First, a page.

Revolutionary War Uniforms

Though General George Washington did adopt an official Continental Army uniform in 1779, not every American soldier was provided an American uniform. British and French soldiers were outfitted by more established militaries and consequently, Revolutionary War era uniforms from those soldiers do tend to surface a bit more frequently than their American counterparts.

Buttons from Revolutionary War uniforms are among the most popular and collected type of Revolutionary War artifact. Much of the original uniform supply you will find for sale are buttons, buckles, or other durable parts of the uniform that could more easily stand up to the effects of over 200 years.

No products matching your query have been found in our store. Please bookmark this page and come back soon to see if we have what you want.

Far from the camouflage and sand colored uniforms of todays military units, the American Revolutionary War uniforms were much different.  At the time of the American Revolutionary war in the 1770's and 1780's, life was much different and so was the military  The United States Army as it existed at the time was just one single infantry regiment, with two artillery units and eight infantry.  Infantry units were dressed in one type of uniform while the artillery units were differentiated with slight differences in their uniform.

General George Washington was in charge of approving the uniforms worn during this time after the Secretary of War first approved them.  Soldiers from various states along the east coast were assembled to fight in the war, with the first being a group of cadets under the leadership of Captain Mordecai Gist.  These soldiers came mainly from Baltimore and were dressed in a red coat.  What at the time was called a “hunting frock” worked well for the soldiers and was adopted by both officers and regular soldiers.  While it would have been nice for all the soldiers to have the same color of uniform, it just was not possible, so some soldiers frocks were white while the others were scarlet.  Red was certainly preferred, but white was often much more readily available than red so a unique compromise was made.  The white uniforms were often dyed with coffee which would change the color, which was a method preferred by Colonel Caleb Gibbs.  He had desperately wanted all the soldiers to have red uniforms, but it simply was not feasible so the “coffee stained” uniforms were a good way to avoid white, which Gibbs simply did not like.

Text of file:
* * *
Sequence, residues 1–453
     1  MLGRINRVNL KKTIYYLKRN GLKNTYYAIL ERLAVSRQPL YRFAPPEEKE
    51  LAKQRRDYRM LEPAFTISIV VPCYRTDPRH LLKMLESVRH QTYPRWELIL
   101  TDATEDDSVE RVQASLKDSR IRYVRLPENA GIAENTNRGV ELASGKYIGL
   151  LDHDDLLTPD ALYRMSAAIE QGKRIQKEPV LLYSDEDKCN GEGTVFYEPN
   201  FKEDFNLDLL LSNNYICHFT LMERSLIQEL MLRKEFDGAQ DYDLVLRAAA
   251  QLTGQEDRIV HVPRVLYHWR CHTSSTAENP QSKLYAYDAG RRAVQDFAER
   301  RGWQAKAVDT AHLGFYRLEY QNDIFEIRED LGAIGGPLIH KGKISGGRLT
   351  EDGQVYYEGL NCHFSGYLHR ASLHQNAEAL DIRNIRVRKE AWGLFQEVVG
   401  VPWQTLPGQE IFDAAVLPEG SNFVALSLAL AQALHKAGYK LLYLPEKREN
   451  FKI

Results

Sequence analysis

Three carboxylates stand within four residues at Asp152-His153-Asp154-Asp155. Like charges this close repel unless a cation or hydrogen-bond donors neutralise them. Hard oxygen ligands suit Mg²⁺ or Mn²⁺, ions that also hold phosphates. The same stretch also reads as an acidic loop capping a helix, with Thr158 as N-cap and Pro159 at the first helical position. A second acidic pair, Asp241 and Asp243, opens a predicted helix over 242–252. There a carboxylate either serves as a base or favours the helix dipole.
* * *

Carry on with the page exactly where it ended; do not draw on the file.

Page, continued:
In addition to the white, coffee colored and scarlet uniforms, yet another version of the uniform had a blue coat with white lining and red facing on the front and cuffs.  Yellow buttons added yet another dimension to these uniforms.  An infantry private would often be dressed in the similar blue, but in a vest with a red collar rather than a full coat. 

One of the unique ways to identify the different infantry uniforms was through the use of custom buttons.  These buttons were often stamped with logos or names that would help in the identification of these uniforms and often described were the soldier was from.  Buttons depicting canons, letters that represented certain divisions or even the name of a state or city were common as was a simple “USA” logo. 

Part of the uniform of a soldier during the American Revolutionary War a hat as well and the most common was the Tricorn.  This was the preferred head gear issued to the soldiers, but was not the only type of head gear that was worn.  During a battle, some British Dragoon helmets were seized and handed out to soldiers as well.  Sometimes the helmets were modified, changing the color and adding a feather plume to give them a dramatic look that stood out in battle. 

Revolutionary War enthusiasts who are interested in re-enactments can easily find replica uniforms that allow them to dress the part while re-enacting key sequences and battles throughout the American Revolution.